The developers of Shadow of the Tomb Raider have opened up on how Nvidia’s RTX ray-tracing technology impacts on Lara’s ongoing story, with real-time lighting proving key to the game’s themes.
In an interview with Trusted Reviews conducted at GamesCom Arne Oehmne, the game’s level design director, had some interesting views on how improved graphics technology has made the art of gaming story craft a bit more subtle.
“We’re designing lighting on the knife’s edge between darkness and light, right? Where there’s a contrast, the fall of shadows in the game actually tells you part of the story,” Oehme explained. “Your first impression of a new space is told by the lighting.”
Oehme believes this extra detail will help players get to grips with the themes of the game from the earliest steps approaching the very first vista. “There’s a lot of gradients and details in those scenes that tell a story,” he says. “I know this sounds a little out there, but they speak to the player with a visual language. They highlight this balance of harshness and softness. That’s kind of where the ray tracing comes in; the way it lets you blend shadows together and mix illuminations together. It creates just that subtle push of realism, which is part of the narrative, in a way.”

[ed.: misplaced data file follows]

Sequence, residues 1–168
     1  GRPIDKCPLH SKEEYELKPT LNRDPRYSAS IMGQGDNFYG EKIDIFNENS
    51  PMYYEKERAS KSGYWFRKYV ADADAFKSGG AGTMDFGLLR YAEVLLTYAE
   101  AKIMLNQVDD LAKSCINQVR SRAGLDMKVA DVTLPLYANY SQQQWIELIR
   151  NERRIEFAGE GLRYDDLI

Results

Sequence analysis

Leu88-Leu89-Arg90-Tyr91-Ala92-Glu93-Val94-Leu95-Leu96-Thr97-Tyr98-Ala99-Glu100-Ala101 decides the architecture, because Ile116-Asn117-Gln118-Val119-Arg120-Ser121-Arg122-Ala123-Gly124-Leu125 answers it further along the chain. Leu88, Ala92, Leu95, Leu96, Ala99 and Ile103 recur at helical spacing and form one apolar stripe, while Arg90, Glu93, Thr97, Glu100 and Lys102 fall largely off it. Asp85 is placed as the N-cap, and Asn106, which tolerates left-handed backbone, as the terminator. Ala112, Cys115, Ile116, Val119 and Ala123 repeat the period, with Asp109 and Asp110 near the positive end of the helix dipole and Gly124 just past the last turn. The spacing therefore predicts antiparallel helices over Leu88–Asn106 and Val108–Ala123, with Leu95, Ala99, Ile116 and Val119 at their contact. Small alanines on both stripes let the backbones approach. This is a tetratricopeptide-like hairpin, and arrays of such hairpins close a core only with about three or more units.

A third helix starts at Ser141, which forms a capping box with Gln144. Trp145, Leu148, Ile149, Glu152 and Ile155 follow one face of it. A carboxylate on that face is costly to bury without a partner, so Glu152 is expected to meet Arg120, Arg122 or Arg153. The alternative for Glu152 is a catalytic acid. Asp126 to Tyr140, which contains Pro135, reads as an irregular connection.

Related: GeForce RTX 2080
Ray-tracing is a high-profile new part of Nvidia’s upcoming RTX Turing graphics cards and makes a huge difference in the way light is rendered. Ray-tracing moves away from crude approximations of how light falls and renders each ray of light in real time. The result, as the demo from Nvidia below shows, can be pretty impressive.
And that’s key to a game like Shadow of the Tomb Raider. “The world expresses the contrast through light and dark, loneliness and social areas,” Oehme explains. “We explore cold, claustrophobia as well as light, warmth and openness.”
Of course, even the best technology is just another weapon in the armoury of a good storyteller, and Jill Murray, the game’s lead writer, had a more muted take on technology’s storytelling influence. “We should be able to tell the story with stick figures,” Murray says. “If I can make somebody cry doing that, then I’ve been successful.”
Additional reporting by Will Freeman
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